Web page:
Last Night in Twisted River by John Irving - review by Toby Lichtig

Toby Lichtig

Up The Creek

Last Night in Twisted River


Bloomsbury 576pp £20

The Wikipedia entry for John Irving has a useful anorak’s checklist of the recurring motifs in the author’s eleven novels to date. This diverse array includes bears; severed body parts; New Hampshire; wrestling; absent parents; mortal accidents; and characters who are also writers. All feature prominently in his new, twelfth, novel, as do many other favourites, such as Phillips Exeter Academy (where Irving grew up), sex between young boys and older women (see Irving’s disclosure of his abuse as a preteen), and the city of Iowa (where Irving studied). Along with a good knotty yarn, you know what you’re getting with John Irving.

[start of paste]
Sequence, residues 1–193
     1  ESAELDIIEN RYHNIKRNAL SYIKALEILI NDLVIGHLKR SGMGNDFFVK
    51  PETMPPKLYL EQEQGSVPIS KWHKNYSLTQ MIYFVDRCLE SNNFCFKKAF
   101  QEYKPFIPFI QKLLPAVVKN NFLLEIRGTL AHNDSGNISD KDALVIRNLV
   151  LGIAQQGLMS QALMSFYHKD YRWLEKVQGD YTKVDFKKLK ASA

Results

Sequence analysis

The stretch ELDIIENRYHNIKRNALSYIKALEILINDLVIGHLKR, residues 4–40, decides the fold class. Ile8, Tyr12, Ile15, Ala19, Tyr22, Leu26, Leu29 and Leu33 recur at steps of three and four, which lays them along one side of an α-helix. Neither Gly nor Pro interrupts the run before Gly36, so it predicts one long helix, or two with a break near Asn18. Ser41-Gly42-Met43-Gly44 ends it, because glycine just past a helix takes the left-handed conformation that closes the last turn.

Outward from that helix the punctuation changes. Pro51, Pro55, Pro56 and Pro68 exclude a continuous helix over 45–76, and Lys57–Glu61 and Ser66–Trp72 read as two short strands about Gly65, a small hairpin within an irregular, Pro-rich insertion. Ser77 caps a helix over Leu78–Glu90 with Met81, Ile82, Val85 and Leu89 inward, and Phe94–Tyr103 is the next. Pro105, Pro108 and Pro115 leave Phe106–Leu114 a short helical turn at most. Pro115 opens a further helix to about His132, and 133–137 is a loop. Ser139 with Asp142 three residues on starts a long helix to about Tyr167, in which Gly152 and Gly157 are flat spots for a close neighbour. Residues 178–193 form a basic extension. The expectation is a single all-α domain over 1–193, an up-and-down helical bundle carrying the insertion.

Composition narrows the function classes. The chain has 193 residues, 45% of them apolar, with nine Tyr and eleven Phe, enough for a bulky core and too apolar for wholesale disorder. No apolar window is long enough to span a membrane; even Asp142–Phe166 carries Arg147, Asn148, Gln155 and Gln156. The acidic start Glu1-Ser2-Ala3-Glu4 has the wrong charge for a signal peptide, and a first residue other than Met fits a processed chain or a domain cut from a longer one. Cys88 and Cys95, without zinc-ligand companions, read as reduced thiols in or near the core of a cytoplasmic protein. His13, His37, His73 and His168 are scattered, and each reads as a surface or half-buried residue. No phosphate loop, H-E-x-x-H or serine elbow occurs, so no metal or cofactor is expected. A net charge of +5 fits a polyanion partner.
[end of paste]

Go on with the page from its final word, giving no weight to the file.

Last Night in Twisted River opens with a calamity. On a ‘river drive’ in Coos County, New Hampshire, a young boy falls between the logs that are being sent downstream from the sawmill. This perilous method of transportation was still much in vogue in the 1950s, and Irving

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RLF - March